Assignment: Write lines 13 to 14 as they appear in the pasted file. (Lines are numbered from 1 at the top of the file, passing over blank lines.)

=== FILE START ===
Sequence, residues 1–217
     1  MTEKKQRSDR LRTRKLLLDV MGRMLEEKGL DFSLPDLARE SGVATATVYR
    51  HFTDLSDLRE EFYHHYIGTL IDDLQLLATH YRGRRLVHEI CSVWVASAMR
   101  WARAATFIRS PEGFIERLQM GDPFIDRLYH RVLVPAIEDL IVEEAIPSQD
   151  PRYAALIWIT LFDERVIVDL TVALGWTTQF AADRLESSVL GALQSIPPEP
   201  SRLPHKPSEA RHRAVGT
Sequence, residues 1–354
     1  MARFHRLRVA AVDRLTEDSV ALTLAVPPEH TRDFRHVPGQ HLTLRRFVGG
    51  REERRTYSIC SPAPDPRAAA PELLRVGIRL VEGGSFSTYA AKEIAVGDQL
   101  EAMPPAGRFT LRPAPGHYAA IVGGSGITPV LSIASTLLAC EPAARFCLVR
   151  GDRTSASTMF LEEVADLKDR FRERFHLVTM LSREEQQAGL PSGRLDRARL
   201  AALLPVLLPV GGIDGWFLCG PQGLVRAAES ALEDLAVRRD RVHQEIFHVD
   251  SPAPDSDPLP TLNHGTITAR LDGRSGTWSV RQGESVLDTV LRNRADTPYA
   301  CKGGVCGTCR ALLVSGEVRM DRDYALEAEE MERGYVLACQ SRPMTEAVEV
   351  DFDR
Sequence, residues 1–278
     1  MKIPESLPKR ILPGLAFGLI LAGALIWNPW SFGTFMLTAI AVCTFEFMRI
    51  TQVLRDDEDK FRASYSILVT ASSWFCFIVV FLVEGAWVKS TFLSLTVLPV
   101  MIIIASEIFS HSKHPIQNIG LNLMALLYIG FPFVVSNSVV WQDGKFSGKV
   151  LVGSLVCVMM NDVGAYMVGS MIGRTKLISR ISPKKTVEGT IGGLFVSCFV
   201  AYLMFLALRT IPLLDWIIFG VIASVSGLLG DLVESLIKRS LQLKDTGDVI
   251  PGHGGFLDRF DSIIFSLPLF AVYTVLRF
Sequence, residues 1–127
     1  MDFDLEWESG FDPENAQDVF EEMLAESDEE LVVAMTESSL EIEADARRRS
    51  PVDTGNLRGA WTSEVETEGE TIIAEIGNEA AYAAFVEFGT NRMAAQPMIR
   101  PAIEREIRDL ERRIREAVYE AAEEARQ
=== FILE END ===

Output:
   251  SPAPDSDPLP TLNHGTITAR LDGRSGTWSV RQGESVLDTV LRNRADTPYA
   301  CKGGVCGTCR ALLVSGEVRM DRDYALEAEE MERGYVLACQ SRPMTEAVEV